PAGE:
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Calculated Column returns error when using Filter () fuction

I'm working with a SharePoint List. I have a Calculated column that returns an integer based on a DateDiff calculation. The Column works perfectly in SharePoint. When I reference the list in PowerApp with a Filter, Filtering on the column, I get an error "Invalid argument type. Expecting Number Value". I've tried using the Value() statement to force the number into the filter but that didn't work either. Here's the filter:
Filter( Table, 5 <= ColumnName )
Messed with spacing, with order of comparison "ColumnName >= 5" etc. No difference. Is it because it's a Calculated Column?

1 ACCEPTED SOLUTION

Accepted Solutions

Nope, the forumla change is not correct, by sheer luck (and sleuthing of the pop up notifications) I stumbled across the answer.  THIS is the correct formula:

 

Filter(Turnouts, (Value(ExpirationCounter)) >= 5, (Status.Value) <> "End of Life")

 

You have to have the comma after the List (or lookup item name) because it's required by the syntax of the Filter command.  The paranthesis around the Value function is required because it must be evaluated FIRST before it can do the math that follows, so it represents a single number to evaluate.  Thus it looks up the column, then generates the Value, then compares the statement.  The comma means another logical test follows.  Now, here's where I stumbled upon the solution that let me fix the first statement.  I couldn't even get the Status column to evaluate correctly but for giggles I put in some more normal dotted code and POOF! all my indicators went away after I put it in paranthesis.  I did that on the first statement and it works great.

 

So, lesson is, try about everything and don't trust Microsoft documentation because it falls a bit short on the stuff you can actually use in a given situation.  The prompting could be a bit better but what was there did help me sleuth it out.  Far from Elementary dear Watson!

View solution in original post

6 REPLIES 6
Frequent Visitor

Over 20 views and nada eh?  I had hoped that maybe the forums might work better than the comments section of the documentation area on Filters but looks like about the same result.  Perhaps PowerApps is yet another product Microsoft launched that they're just going to abandon since a product is only as good as its support.  Add it to the pile I guess.

Community Support
Community Support

Hi @Shaun_Hendricks,

 

Would you please share a screenshot for the calculated column formula used under SharePoint?

My testing as below:

Column formula:

DateDif([Date1], [Date2],"D")

 

Then within PowerApps, I use the following formula to perform the query:

Filter(Training, Value(DateCal)<=25)

This would show the results, but with a blue reminding, which is the delegation issue:

Delegable data sources

Currently only "=" is supported for delegation, for the other known issues when working with SharePoint list in PowerApps, see:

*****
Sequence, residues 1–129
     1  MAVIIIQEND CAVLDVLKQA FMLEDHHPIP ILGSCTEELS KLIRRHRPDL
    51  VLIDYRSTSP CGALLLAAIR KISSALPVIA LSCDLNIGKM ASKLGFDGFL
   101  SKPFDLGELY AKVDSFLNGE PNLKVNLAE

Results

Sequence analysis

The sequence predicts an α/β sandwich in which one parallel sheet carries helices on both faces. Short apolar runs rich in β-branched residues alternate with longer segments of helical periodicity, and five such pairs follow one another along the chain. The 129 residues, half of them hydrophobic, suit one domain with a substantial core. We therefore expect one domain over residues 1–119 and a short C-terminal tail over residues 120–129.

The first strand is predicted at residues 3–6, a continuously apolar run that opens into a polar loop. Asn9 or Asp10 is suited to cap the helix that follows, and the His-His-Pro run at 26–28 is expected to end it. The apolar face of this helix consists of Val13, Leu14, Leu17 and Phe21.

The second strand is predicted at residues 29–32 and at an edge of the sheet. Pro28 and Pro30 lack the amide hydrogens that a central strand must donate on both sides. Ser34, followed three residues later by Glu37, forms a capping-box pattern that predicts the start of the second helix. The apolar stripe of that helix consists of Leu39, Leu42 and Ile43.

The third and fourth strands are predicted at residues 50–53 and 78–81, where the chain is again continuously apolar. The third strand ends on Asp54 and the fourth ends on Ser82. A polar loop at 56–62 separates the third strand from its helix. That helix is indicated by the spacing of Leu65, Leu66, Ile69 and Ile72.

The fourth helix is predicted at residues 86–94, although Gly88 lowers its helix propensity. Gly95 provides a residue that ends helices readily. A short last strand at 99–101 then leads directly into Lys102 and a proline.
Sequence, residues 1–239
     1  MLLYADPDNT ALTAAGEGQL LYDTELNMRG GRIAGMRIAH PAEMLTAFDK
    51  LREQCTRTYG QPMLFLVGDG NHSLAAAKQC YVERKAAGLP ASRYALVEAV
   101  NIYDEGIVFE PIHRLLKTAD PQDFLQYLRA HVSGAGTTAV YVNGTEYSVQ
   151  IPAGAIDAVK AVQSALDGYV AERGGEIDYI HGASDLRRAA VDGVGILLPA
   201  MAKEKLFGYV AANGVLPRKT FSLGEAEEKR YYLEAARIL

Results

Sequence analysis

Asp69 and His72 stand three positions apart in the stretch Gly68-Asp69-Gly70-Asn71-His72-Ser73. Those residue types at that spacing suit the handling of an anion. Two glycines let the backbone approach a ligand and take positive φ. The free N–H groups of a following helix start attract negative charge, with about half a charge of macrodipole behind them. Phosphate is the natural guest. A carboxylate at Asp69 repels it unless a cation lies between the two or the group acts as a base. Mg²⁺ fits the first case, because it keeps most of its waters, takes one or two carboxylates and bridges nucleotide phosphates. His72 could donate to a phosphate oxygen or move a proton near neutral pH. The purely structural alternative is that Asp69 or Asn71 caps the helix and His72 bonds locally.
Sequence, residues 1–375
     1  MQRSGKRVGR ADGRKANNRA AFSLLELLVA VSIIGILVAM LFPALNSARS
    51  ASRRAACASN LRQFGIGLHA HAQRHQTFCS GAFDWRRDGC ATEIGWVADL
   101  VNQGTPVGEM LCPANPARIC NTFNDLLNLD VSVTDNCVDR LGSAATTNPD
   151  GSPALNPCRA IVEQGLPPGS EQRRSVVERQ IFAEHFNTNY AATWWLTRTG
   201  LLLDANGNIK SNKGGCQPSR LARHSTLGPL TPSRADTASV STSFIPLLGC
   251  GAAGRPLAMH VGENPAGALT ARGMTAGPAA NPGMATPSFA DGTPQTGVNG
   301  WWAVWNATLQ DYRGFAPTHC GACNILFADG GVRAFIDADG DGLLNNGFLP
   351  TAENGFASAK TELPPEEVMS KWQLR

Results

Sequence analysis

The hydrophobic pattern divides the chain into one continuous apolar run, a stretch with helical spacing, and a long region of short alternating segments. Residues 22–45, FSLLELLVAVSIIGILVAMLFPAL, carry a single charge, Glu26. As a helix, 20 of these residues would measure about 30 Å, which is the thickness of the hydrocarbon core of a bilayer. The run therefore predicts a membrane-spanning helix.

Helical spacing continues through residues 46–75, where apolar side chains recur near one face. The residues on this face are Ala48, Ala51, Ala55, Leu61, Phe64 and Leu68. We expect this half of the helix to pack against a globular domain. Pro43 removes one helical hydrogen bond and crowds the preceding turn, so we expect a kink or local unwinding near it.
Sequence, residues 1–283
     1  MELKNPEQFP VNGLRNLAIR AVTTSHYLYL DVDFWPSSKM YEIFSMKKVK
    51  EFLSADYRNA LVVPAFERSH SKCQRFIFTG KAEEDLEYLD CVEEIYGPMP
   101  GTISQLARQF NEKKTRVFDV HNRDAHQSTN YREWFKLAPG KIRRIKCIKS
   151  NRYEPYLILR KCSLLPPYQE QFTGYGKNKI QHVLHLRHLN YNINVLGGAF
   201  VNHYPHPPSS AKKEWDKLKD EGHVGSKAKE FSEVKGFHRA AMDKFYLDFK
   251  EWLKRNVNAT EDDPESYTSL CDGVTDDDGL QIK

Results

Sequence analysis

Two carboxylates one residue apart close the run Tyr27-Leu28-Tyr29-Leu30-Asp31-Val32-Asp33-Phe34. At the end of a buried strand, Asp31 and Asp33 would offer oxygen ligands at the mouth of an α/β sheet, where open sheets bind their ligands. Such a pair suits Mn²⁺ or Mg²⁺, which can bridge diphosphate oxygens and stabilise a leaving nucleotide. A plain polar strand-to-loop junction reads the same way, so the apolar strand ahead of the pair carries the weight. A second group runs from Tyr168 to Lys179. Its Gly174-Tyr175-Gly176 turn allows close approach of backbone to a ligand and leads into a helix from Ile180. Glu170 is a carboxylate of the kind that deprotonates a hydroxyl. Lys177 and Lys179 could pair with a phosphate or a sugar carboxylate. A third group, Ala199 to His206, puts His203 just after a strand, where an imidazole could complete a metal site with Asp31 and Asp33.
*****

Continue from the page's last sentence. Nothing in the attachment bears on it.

Connect from Microsoft PowerApps to SharePoint

 

PowerApps would be able to read data from calculated column, but it seems the field type is not clearly identified.

Using value() function would make the formula work from my side.

 

Regards,

Michael

Community Support Team _ Michael Shao
If this post helps, then please consider Accept it as the solution to help the other members find it more quickly.

Thank you for responding.  Here's the column formula:

 

=DATEDIF([Manufacture Date],TODAY(),"Y")

 

It just returns the number of years a given piece of equipment is in service.  I'm trying to filter based on anything that is over 5 years old with the PowerApp.

Here's the actual error code when I hover over the "ExpirationCounter" field which is the Column Name in Sharepoint.

Error under Discussion

Hi @Shaun_Hendricks,

 

Please switch your formula in the following way:

 

Filter(Turnouts 5<=value(ExpirationCounter),Status<>"End of Life")

Regards,

Michael

Community Support Team _ Michael Shao
If this post helps, then please consider Accept it as the solution to help the other members find it more quickly.

Nope, the forumla change is not correct, by sheer luck (and sleuthing of the pop up notifications) I stumbled across the answer.  THIS is the correct formula:

 

Filter(Turnouts, (Value(ExpirationCounter)) >= 5, (Status.Value) <> "End of Life")

 

You have to have the comma after the List (or lookup item name) because it's required by the syntax of the Filter command.  The paranthesis around the Value function is required because it must be evaluated FIRST before it can do the math that follows, so it represents a single number to evaluate.  Thus it looks up the column, then generates the Value, then compares the statement.  The comma means another logical test follows.  Now, here's where I stumbled upon the solution that let me fix the first statement.  I couldn't even get the Status column to evaluate correctly but for giggles I put in some more normal dotted code and POOF! all my indicators went away after I put it in paranthesis.  I did that on the first statement and it works great.

 

So, lesson is, try about everything and don't trust Microsoft documentation because it falls a bit short on the stuff you can actually use in a given situation.  The prompting could be a bit better but what was there did help me sleuth it out.  Far from Elementary dear Watson!

View solution in original post

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